Canadian Bank Stocks: A Discount or Too Dangerous?

Nearly every Canadian bank has come out to forecast a recession in response to the measures taken to supress the global COVID-19 pandemic. Canadian banks are stable and move into this crisis with strong balance sheets, but there is substantial risk if this economic shutdown drags for months – as some have projected.

The new Canadian bailout offers mortgage holders the option to defer mortgage payments, though interest will still accrue on the principal. Capital Markets divisions will take a huge hit in this quarter and likely next as we have descended into a bear market.

Bank stocks look like discounts right now, and yields are attractive, but value investors may want to stack gradually on the dips as there is no telling how long this crisis will press on.

Royal Bank (TSX:RY)(NYSE:RY), Canada’s largest bank, saw its stock has dropped 27% month-over-month as of close on March 20. Its shares last had a favourable price-to-earnings ratio of 8.7 and a price-to-book value of 1.4. Royal Bank currently offers a quarterly dividend of $1.05 per share, which now represents a 5.5% yield.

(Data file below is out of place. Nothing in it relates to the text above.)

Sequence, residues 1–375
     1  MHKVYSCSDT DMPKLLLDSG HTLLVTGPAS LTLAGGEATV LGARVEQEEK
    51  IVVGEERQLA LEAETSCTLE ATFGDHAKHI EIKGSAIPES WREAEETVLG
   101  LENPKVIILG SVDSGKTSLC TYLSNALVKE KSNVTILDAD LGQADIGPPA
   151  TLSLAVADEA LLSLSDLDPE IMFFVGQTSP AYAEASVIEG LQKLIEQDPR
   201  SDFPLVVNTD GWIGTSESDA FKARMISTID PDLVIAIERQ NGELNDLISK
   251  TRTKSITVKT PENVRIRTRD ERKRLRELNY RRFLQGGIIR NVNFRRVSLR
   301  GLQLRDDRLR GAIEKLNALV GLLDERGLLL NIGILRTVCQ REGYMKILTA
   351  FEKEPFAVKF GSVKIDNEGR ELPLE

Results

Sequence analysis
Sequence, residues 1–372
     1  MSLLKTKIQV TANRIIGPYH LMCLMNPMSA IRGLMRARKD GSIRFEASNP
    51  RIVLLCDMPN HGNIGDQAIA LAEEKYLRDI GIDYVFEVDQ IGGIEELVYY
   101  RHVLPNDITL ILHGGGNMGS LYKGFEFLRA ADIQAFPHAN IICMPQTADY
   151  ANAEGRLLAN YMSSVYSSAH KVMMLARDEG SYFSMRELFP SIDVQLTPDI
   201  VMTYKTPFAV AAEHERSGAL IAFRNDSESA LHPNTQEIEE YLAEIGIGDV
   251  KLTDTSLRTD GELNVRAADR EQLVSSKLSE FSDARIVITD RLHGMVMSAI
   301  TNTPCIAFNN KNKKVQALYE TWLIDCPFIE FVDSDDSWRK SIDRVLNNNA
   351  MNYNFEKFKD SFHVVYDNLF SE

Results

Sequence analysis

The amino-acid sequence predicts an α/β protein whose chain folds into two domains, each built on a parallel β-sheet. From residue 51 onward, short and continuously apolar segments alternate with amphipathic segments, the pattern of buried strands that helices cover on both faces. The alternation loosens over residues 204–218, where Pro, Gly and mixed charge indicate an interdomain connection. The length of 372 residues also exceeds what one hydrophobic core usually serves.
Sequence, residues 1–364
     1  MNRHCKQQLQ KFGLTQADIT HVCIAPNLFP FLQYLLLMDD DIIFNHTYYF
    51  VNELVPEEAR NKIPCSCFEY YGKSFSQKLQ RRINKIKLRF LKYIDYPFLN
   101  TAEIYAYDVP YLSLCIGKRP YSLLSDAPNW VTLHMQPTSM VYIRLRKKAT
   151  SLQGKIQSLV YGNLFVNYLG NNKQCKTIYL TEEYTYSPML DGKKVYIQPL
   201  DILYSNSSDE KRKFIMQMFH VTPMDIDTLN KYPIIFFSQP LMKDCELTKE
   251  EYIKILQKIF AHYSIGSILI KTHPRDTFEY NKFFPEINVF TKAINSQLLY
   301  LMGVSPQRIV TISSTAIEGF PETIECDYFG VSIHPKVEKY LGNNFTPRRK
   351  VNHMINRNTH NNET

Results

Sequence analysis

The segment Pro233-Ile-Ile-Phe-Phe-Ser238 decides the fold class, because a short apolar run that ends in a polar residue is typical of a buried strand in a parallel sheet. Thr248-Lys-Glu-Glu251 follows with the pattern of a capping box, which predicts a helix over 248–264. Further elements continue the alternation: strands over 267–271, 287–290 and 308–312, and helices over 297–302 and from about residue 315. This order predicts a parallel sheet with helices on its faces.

National Bank (TSX:NA), the largest bank in the province of Quebec, has plunged 42% over the past month. Its stock last had a very low P/E ratio of 6.6 and a P/B value of 1.1. The bank last paid out a quarterly dividend of $0.71 per share, representing a tasty 6.6% yield.

Scotiabank (TSX:BNS)(NYSE:BNS), which is often called “The International Bank”, has dropped 32% month over month. Shares currently possess a favourable P/E ratio of 7.3 and an enticing P/B value of 0.9.

Scotia last paid a quarterly dividend of $0.90 per share. This now represents a monster 7.2% yield.